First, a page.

Jury can decide whether DOT had constructive notice of tire debris on highway, although no one knows how long it was there

Interstate 25 approaching Santa Fe
Interstate 25 approaching Santa Fe. Photo by John Phelan. Used by permission under Creative Commons Attribution 3.0 Unported License.

Peggy Lujan-Silva was driving on Interstate 25 near Santa Fe, when her car struck tire debris on the highway. Her car rolled over several times, and she was killed. No one knows how long the debris was on the highway.

Ms. Lujan-Silva’s estate sued the New Mexico Department of Transportation for negligently failing to clear the debris from the highway. The Department argued that the estate could not show it had constructive notice, because no one knew how long the debris had been there. The trial court agreed and granted summary judgment.

The Court of Appeals reversed. See Lujan v. N.M. Department of Transportation (Aug. 4, 2014). Judge Vigil‘s opinion explains that although it is unknown when the debris was left on the highway, the Department has a duty to inspect the roads and keep them safe for the public, and “[w]hen there is a duty to inspect, evidence showing that there was a failure to inspect within a reasonable period of time under the circumstances is evidence that the dangerous condition could or should have been discovered but for the untimely inspection.”

The opinion describes testimony from Department employees that they had not received training on removal of litter or debris from the roads, and while Department employees were instructed to remove debris whenever they saw it, there were apparently no regular patrols to look for it. The Court of Appeals determined that this evidence was sufficient to create an issue of fact about whether the Department had failed to inspect I-25 within a reasonable period of time before the accident, and therefore about whether the Department had constructive notice.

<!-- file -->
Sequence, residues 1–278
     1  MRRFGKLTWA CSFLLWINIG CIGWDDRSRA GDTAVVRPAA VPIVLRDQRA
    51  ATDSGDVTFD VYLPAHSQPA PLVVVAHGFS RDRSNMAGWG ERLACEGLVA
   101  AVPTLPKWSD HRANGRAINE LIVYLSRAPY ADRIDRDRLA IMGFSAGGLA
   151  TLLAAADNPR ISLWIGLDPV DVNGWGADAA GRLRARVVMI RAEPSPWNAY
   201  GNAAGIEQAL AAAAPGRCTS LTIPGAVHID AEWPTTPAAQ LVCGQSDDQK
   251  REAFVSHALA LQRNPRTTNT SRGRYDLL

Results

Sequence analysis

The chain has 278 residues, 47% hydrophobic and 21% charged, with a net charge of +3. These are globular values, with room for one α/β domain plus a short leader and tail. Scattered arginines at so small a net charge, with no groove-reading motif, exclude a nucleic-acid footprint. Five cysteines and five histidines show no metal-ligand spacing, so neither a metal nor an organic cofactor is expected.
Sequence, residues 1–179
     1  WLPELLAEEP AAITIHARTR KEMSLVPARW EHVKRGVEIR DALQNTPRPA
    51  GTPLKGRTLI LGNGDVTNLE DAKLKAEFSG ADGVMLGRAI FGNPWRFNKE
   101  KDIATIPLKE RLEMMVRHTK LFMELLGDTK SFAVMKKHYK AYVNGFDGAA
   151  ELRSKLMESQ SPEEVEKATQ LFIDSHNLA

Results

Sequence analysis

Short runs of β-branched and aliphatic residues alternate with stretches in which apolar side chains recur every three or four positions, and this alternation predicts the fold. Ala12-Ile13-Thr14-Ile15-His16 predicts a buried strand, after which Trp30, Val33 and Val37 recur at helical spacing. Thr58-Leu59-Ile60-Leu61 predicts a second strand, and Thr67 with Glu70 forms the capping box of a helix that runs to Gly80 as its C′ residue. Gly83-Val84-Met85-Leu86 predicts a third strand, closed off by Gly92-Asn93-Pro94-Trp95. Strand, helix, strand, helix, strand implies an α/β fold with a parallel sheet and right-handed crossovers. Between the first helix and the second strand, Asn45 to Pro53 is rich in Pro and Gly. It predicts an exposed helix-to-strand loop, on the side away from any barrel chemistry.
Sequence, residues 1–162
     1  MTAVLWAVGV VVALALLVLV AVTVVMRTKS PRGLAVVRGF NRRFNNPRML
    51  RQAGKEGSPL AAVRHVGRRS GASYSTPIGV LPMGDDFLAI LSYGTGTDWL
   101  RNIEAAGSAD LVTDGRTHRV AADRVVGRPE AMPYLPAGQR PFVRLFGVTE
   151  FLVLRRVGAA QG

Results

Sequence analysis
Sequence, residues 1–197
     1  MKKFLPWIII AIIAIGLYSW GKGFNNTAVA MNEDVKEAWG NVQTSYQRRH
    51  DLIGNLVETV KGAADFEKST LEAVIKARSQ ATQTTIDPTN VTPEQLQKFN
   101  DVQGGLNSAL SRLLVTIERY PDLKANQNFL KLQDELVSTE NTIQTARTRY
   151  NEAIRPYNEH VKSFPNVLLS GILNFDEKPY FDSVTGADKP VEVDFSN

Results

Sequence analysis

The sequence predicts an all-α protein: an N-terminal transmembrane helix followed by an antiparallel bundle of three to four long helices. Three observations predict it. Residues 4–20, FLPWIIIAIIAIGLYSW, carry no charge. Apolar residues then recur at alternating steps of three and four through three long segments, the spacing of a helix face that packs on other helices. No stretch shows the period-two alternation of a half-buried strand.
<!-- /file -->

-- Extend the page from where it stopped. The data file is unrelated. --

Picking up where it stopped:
The lesson here, for all businesses and organizations that may be targets of lawsuits for injuries caused by dangerous conditions on property (e.g. merchants whose customers may slip and fall; construction site owners who fence out properties to keep out curious kids, etc.), is that it’s important to conduct, and document, regular inspections for dangerous conditions. Doing so will probably not protect you against all lawsuits, but you’ll be better off than if you hadn’t.

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